The internet continues to excel at what it was designed to do: Share information. For family history researchers, the free sharing of methods and resources has transformed a pastime that was once championed by the elite eager to prove descendancy from royalty to a hobby that proves we are one family.
I’ve compiled a list of free resources and learning opportunities for people who are just getting started or want to make sure their documentary genealogy research is on a firm foundation.
FamilySearch: FamilySearch is the largest database of free genealogy records and guidance on how to do genealogy. The FamilySearch Wiki is one of the first places I turn when starting a new project.
- Research Resources: This part of the Wiki includes a section on Beginning Genealogy with a section on the research process, tips on choosing software, how to use the Wiki and research tools. There is more information on this page than any one genealogist knows.
- Guided Research: This feature of the Wiki will walk you through how to research birth, marriage and death records in many localities around the world. Use the map to identify the locality you want and follow the links.
- Main Wiki Page: From the main page, you can find the resources available for any locality, down to the county level in the US.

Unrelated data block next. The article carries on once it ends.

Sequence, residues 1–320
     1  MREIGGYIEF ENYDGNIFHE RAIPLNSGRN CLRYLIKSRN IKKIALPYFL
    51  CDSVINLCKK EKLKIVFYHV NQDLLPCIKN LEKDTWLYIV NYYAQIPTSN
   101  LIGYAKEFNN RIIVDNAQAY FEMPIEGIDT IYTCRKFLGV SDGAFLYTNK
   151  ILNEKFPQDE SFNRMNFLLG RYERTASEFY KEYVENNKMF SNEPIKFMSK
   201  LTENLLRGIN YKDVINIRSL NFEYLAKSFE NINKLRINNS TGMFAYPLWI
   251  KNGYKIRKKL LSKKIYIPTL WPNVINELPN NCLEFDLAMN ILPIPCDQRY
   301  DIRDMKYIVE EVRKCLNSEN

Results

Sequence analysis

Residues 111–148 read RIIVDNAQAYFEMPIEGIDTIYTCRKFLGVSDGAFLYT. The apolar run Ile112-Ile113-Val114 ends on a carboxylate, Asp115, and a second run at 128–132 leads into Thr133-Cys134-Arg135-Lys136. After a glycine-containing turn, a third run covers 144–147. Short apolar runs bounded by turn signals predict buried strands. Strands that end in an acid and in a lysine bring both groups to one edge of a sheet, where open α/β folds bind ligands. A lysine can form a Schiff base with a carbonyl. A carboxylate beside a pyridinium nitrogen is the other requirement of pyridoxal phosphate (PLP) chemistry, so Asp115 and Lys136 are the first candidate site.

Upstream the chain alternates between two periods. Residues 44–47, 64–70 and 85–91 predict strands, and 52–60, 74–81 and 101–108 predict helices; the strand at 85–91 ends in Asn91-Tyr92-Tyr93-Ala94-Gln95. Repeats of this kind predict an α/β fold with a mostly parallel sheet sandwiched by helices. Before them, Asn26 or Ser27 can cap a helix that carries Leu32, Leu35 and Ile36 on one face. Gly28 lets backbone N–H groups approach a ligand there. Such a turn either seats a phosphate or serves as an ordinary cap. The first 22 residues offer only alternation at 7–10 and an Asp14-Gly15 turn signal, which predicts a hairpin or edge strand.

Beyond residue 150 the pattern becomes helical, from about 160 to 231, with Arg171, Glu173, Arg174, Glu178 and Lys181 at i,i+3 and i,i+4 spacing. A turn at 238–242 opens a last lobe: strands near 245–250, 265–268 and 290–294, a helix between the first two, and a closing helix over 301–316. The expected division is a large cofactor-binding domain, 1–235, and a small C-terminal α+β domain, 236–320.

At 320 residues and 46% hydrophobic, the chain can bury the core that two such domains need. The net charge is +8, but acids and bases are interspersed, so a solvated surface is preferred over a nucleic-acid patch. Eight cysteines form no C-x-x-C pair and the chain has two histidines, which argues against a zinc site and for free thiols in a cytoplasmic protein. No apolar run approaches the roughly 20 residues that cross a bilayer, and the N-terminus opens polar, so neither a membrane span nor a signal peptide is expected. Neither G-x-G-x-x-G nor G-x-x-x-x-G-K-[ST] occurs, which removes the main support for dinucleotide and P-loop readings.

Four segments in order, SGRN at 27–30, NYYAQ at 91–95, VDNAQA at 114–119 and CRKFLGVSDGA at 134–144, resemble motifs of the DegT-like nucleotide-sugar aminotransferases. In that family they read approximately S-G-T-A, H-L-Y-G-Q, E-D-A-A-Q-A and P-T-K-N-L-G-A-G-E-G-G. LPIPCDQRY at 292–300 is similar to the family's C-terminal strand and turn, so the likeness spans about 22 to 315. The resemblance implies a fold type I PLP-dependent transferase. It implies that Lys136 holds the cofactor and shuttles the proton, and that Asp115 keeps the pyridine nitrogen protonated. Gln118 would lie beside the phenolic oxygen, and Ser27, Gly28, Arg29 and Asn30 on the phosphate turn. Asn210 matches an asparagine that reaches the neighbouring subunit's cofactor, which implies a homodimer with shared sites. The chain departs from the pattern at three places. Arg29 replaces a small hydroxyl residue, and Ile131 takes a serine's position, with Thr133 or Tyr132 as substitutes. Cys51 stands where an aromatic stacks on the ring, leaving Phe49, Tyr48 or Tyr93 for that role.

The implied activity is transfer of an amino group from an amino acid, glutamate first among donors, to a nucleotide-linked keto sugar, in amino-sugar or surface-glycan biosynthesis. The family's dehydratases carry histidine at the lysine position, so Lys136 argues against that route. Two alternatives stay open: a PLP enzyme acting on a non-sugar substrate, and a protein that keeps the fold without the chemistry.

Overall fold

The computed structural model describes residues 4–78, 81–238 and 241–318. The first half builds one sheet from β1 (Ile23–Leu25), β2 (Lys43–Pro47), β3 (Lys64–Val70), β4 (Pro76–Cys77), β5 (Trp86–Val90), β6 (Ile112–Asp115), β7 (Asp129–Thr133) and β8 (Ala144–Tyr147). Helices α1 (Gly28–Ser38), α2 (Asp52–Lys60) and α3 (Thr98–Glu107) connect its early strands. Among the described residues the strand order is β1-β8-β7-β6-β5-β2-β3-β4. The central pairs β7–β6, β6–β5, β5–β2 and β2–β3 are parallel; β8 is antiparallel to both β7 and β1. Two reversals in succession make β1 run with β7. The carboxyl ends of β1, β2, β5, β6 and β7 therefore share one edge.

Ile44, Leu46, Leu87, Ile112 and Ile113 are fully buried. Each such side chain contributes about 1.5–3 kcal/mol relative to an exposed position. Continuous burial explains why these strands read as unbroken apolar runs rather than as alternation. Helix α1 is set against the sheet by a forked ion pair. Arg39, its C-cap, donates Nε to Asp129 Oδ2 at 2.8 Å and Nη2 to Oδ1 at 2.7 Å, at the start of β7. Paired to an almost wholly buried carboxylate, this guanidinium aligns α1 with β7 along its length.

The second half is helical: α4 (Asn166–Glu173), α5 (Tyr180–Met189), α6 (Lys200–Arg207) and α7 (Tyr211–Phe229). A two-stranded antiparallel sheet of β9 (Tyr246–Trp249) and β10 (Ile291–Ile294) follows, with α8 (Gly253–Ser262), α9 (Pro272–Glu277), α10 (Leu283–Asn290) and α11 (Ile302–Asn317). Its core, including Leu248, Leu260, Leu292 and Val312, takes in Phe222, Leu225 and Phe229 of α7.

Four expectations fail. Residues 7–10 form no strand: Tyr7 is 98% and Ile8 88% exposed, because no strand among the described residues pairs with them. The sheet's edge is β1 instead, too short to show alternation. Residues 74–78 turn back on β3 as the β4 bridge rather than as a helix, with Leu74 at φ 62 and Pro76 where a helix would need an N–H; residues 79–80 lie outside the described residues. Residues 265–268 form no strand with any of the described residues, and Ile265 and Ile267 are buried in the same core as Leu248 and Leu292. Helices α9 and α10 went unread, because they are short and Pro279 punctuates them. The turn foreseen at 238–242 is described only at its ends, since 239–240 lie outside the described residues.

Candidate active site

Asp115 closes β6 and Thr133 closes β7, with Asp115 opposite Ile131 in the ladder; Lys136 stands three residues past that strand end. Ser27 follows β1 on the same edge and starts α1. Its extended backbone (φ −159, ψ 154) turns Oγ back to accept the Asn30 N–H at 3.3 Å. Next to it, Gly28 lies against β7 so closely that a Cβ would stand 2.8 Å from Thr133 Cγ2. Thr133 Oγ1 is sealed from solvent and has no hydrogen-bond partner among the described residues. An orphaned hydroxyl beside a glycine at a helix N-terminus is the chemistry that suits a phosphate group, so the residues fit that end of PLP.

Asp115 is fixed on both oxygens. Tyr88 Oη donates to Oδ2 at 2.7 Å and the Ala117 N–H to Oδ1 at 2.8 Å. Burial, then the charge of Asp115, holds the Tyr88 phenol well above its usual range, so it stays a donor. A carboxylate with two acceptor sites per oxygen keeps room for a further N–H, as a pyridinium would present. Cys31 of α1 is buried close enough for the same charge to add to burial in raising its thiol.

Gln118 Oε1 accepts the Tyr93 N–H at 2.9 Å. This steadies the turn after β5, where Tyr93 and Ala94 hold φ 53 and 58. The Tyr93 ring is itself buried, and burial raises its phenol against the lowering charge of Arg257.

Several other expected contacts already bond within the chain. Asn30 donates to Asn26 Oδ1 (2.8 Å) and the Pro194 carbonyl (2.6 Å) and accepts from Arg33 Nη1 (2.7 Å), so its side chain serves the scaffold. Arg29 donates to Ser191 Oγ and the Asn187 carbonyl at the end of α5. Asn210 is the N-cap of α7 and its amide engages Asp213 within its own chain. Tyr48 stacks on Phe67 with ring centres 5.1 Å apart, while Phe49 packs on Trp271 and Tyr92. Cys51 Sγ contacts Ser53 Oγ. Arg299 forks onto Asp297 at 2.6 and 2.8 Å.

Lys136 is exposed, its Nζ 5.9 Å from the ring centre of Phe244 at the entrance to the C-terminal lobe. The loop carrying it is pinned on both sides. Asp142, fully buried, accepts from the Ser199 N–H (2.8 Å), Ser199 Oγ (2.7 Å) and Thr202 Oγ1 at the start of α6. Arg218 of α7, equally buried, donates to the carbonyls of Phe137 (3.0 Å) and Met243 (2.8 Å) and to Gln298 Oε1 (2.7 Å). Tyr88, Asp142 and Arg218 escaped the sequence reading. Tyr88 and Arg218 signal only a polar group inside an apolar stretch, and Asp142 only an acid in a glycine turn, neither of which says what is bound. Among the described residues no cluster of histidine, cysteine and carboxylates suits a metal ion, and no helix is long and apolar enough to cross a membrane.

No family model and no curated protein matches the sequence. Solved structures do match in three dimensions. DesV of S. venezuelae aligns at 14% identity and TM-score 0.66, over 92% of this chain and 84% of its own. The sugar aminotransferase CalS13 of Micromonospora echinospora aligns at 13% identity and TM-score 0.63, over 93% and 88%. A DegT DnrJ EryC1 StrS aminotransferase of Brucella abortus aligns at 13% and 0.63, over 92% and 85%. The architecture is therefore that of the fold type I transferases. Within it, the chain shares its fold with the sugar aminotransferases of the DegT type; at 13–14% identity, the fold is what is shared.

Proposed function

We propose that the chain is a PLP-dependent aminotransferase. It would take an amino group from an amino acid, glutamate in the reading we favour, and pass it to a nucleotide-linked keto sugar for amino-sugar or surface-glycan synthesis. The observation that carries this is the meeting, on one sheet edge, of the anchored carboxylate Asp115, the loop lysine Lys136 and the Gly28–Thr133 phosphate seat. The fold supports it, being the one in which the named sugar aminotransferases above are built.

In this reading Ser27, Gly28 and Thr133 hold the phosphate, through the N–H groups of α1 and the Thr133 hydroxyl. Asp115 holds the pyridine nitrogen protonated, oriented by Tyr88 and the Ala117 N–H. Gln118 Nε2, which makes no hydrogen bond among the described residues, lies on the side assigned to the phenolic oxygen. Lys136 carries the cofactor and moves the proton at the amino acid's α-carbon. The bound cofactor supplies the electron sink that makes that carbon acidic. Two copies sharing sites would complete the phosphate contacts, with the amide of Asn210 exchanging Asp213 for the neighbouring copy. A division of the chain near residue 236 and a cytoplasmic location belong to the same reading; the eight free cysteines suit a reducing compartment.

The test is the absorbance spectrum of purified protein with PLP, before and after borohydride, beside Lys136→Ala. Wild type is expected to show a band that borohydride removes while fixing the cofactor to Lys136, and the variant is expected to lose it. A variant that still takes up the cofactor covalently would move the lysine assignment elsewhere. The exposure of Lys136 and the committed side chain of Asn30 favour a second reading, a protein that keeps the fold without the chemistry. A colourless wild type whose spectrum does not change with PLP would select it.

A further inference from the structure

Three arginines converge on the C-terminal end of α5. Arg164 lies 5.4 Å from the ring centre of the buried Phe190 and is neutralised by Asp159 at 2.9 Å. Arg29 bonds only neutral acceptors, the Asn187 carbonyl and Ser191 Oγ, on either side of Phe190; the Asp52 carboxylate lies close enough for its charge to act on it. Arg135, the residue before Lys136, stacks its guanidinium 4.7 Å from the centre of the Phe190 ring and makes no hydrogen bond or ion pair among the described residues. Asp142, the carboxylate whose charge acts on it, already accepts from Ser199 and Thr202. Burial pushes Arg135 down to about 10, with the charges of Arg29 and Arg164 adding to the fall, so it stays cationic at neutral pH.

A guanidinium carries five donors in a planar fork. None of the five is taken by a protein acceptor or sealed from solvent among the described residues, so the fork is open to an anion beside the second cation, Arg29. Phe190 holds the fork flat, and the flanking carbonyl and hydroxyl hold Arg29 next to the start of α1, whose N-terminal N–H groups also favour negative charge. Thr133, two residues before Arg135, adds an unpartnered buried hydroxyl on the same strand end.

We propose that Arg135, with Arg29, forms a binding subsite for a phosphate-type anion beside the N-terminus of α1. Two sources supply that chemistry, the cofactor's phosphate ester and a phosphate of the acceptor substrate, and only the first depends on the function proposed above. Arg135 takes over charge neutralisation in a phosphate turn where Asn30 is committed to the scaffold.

National Genealogical Society: This membership group has been around for over 100 years and publishes the National Genealogical Society Quarterly, the most prestigious genealogy publication. Recent diversity and inclusion efforts are encouraging.
- Getting Started: This free online course includes methods and approaches every genealogist can use.
- Free Resources: Links to articles, blogs and forms.
- Links to more Free Resources outside the NGS: The eighteen links in this blog includes most of my favourites.
African American Research: The continued efforts to share records related to African American history and the legacy of enslavement has meant more is possible than ever. Because of systematic attempts to hide the reality of slavery, records can be hard to find. African American research does require a great deal of persistence and unique approaches to discovering ancestors.
- FamilySearch Wiki African American Research Page includes resources and a Step-by-Step description of how to research.
- Reparations4Slavery includes many links and tips.
- AfriGeneas has an online beginners guide. It hasn’t been updated in many years and still has good information, although many more records are now available.
- Our Black Ancestry has a tutorial page to help you get started. There is a very active Facebook group associated with Our Black Ancestry.
Legacy Family Tree Webinars presents genealogists talking about what they do best. Members have access to the full library of recordings, and many recordings are free for the first week.
- Register here for free live webinars and check out other pre-recorded webinars on the same page.
Family History Research Companies all have free resources, often as a blog or as a series of videos. Taking the time to learn from their experts can make your research more efficient.
- The Ancestry Learning Center starts you off by finding out your current genealogy practices.
- The MyHeritage Knowledge Base includes an Intro to Genealogy course.
I set aside time every week to continue to learn more about family history research. I’m grateful there are free resources for researchers of all experience levels.